Japanese makeup artist Kazuhiro Tsuji and two of his colleagues won this year's Academy Award for best makeup and hairstyling on Sunday.
Tsuji, the first Japanese to receive the award, shared the prize with Britons David Malinowski and Lucy Sibbick.
The trio was recognized for their work transforming actor Gary Oldman into British wartime leader Winston Churchill for the film "Darkest Hour."
"Firstly we would like to give our heartfelt thanks to Gary Oldman. It was a real honor to be on this incredible journey with you. And we would not be standing here today if it wasn't for you," Tsuji said in his acceptance speech.
Calling Oldman a "wonderful actor, a dedicated artist and a true friend," Tsuji said, "This is a dream come true for all of us."
Tsuji, who has been working as an artist since 2012, made a comeback to the movie industry following a request by Oldman, who was impressed by seeing his portrait sculptures, including one of U.S. President Abraham Lincoln.
"I think it's really important, timing-wise because I left the film industry and Gary asked me to design this," Tsuji said at a press conference held after the ceremony. "We made an amazing film and I think we made history. So it's really meaningful to me."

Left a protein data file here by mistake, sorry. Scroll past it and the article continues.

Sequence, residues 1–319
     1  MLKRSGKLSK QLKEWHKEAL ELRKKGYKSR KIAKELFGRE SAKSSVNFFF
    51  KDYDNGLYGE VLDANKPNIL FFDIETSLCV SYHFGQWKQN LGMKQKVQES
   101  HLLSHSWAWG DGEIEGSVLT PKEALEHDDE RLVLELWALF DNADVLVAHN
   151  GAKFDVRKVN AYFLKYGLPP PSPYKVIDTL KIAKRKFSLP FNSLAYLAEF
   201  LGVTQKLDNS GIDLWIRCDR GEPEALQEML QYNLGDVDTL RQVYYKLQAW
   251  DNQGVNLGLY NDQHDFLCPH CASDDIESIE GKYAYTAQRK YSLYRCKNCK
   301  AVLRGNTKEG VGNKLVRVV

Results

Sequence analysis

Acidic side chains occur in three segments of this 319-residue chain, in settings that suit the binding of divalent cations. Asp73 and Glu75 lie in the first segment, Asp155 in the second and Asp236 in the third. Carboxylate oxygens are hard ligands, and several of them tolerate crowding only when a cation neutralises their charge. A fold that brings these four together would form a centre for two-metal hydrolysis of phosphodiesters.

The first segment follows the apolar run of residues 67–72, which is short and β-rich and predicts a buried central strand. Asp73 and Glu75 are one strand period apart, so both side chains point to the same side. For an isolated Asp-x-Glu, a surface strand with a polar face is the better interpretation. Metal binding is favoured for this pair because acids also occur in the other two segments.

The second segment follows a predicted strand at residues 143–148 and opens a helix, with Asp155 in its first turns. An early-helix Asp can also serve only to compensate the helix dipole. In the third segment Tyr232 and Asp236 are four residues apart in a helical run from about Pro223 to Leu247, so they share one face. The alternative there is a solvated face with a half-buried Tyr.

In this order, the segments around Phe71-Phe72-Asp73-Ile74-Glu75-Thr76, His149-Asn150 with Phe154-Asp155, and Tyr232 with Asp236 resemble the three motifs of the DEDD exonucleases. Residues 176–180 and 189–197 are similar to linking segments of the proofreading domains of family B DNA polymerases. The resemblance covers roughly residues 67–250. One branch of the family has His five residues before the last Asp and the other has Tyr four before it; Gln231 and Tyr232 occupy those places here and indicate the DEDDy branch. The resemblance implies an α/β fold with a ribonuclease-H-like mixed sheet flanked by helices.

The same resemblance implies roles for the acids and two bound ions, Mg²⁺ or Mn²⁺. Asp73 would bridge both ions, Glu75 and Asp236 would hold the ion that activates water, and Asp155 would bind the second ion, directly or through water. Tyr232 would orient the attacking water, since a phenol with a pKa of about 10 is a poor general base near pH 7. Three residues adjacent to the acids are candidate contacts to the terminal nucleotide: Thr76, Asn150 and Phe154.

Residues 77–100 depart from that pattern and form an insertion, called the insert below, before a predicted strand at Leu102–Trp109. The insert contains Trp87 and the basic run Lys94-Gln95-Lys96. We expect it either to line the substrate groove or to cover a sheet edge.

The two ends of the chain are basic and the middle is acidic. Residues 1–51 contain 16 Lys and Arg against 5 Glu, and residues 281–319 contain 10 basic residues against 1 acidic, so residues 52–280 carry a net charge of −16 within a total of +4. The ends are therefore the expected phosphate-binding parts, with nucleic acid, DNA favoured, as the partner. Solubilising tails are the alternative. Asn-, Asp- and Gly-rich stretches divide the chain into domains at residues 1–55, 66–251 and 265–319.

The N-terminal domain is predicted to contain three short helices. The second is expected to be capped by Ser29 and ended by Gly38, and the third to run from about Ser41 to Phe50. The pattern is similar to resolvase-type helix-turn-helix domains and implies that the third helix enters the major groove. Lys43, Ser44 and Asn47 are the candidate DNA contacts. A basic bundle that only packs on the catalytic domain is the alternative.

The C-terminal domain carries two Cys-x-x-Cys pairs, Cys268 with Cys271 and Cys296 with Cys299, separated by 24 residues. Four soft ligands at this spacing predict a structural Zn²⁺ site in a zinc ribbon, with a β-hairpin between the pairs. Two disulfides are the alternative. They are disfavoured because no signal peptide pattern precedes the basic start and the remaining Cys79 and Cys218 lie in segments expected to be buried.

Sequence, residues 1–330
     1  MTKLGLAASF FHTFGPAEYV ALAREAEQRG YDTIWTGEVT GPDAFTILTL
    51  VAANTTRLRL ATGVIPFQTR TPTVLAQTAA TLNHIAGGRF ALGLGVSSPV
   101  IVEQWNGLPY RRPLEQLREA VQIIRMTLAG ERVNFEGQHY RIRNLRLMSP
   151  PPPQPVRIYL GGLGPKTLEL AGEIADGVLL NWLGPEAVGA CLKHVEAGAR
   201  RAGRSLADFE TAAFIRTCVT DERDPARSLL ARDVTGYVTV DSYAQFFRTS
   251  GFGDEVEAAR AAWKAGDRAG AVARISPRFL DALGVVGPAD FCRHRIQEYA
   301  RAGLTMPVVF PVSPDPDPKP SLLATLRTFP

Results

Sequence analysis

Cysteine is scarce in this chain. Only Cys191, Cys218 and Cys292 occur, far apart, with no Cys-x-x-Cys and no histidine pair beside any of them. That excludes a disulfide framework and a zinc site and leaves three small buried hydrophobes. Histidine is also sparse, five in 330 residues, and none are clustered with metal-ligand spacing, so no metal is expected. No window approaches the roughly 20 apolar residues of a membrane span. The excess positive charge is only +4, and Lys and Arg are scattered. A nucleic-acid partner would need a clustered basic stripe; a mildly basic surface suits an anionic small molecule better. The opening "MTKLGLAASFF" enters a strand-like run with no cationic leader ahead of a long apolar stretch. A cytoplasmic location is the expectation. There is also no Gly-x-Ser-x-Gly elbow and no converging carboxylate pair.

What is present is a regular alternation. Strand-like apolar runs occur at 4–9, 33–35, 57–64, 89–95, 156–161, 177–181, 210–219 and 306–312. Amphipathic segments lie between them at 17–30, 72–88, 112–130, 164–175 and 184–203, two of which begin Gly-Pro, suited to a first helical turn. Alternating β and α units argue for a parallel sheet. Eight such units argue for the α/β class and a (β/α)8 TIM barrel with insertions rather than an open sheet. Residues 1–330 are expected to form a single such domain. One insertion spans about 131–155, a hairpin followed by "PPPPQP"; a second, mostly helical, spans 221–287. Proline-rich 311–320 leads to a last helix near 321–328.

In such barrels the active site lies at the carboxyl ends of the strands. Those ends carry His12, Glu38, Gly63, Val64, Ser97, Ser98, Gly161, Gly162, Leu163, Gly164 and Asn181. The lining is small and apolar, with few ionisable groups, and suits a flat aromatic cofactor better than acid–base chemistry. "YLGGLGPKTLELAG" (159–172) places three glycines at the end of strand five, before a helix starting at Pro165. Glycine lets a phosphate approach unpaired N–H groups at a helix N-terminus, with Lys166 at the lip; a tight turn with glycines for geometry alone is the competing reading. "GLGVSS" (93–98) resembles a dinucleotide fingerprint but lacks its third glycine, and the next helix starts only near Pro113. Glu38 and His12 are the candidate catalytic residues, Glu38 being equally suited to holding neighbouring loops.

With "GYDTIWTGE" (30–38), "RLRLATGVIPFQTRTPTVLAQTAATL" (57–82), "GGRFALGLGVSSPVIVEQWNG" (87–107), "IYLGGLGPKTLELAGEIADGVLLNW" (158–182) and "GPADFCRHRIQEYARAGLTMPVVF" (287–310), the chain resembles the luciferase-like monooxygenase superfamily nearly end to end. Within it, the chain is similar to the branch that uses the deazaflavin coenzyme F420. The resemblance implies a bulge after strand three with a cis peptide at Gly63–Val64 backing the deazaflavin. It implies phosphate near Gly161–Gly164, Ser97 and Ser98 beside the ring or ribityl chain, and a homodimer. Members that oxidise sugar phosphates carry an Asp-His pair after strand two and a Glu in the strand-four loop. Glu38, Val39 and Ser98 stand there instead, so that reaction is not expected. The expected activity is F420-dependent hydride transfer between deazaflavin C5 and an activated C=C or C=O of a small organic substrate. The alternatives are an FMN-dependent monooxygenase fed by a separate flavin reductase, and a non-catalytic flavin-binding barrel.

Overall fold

The 48-year-old artist, who hails from Kyoto but resides in Los Angeles, was nominated for the same award in 2007 for a science-fiction comedy "Click" and in 2008 for a romantic comedy "Norbit."
Etsuko Egawa, a Japanese makeup artist under whom Tsuji worked for three years soon after graduating from high school, said his work always had an ingenuity that was beyond her expectations.
"It is important (for makeup artists) to seek levels (of work) that let audiences believe the character really exists. Mr. Tsuji can do that," Egawa said.
Hiroyuki Sanjoba, who taught Tsuji at Heian Senior High School in Kyoto, remembers him as skillful with his hands and interested in the specialized makeup techniques required in Hollywood.
"He used to surprise us by making a little finger or doing special makeup of burn injuries on his hand," Sanjoba said.
Toshiki Nakamori, the school's vice principal, said, "If there is a chance, we would like him to come over and speak to our students about what drove him."
Japanese filmmaker Ru Kuwahata was nominated for the animated short film category with Max Porter for their work "Negative Space" but the award was won by now-retired Los Angeles Lakers basketball superstar Kobe Bryant for his film "Dear Basketball."
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